Wednesday, May 11, 2005
Hitachi announces 100Gb 7200 rpm laptop drive
With 100 gigabytes (GB) of storage capacity, the Travelstar 7K100 is bigger, faster and stronger than its award-winning predecessor, creating an industrial-strength notebook hard drive. Hitachi's second-generation 7200 RPM 2.5-inch product offers a 67-percent storage-capacity increase and a 33-percent performance improvement (sustained data transfer rate) over the previous generation. In addition, a 50-percent improvement in operating shock tolerance gives users greater system reliability and data integrity. Within its class, the 7K100 features industry-leading 300 Gs and 1000 Gs operating and non-operating shock specifications, respectively.
"Hitachi created the 7200 RPM notebook hard drive segment in 2003 to give mobile users a performance rush; based on strong demand, we are now bringing an even more powerful product to the market," said Bill Healy, senior vice president, product strategy and marketing, Hitachi Global Storage Technologies. "We've learned much about the 7200 RPM notebook hard drives over the past several years and have applied that experience to create the quintessential performance product."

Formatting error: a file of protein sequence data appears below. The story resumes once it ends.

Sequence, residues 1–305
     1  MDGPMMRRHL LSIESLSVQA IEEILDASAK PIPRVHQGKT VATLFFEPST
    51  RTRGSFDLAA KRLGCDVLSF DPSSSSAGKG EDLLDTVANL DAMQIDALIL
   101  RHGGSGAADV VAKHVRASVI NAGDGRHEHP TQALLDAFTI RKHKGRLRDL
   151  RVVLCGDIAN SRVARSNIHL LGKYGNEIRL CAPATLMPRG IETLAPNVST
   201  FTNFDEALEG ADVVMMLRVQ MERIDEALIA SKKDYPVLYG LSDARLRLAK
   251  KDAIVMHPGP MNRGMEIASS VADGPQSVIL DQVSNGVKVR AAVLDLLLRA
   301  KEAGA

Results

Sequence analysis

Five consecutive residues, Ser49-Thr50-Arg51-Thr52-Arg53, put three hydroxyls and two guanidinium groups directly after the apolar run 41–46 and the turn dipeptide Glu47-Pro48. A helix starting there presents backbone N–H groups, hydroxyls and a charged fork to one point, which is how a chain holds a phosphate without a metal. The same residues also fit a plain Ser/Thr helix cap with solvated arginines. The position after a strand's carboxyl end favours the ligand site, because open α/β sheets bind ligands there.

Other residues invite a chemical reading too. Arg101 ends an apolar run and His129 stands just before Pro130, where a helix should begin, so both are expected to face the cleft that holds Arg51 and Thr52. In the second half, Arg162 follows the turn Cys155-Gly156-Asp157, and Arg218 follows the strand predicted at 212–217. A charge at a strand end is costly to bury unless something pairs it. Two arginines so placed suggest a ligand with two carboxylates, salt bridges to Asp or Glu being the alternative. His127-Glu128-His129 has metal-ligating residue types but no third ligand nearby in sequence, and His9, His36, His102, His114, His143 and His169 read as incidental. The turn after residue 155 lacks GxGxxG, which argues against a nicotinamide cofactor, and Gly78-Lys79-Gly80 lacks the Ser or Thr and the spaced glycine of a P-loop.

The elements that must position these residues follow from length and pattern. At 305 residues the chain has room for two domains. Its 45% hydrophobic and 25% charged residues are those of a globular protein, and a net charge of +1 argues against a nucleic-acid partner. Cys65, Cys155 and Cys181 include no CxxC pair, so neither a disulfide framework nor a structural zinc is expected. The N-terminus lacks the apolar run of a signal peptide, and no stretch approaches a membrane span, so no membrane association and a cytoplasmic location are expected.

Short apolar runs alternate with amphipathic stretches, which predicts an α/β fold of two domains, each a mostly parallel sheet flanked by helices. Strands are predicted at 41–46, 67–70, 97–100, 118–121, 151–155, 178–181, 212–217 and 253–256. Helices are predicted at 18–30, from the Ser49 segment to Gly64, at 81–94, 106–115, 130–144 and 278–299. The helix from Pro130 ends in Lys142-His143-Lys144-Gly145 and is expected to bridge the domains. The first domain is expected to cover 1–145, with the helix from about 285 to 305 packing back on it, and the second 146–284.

Users of notebook systems that employ the Travelstar 7K100 will experience a marked performance improvement in a variety of computing activities: system start-up, application loading, copying files and general HDD usage (playing an MP3 file, viewing pictures, browsing the Internet, etc.).
Microsoft, Massachusetts target spammers in lawsuit
SEATTLE (Reuters) - Massachusetts Attorney General Tom Reilly filed suit on Wednesday against an Internet spam ring operating near Boston, using information obtained by Microsoft Corp. in its fight against unsolicited e-mail touting everything from miracle drugs to get-rich-quick schemes.
"The most important thing is that we're asking a court today to shut them down to prevent any further victims," Reilly told reporters at a news conference in Boston.
Reilly and Microsoft said the lawsuit against seven individuals and two companies details their efforts to promote various products through "hundred of millions" spam e-mail messages sent to people worldwide from domain names registered in Monaco, Australia and France.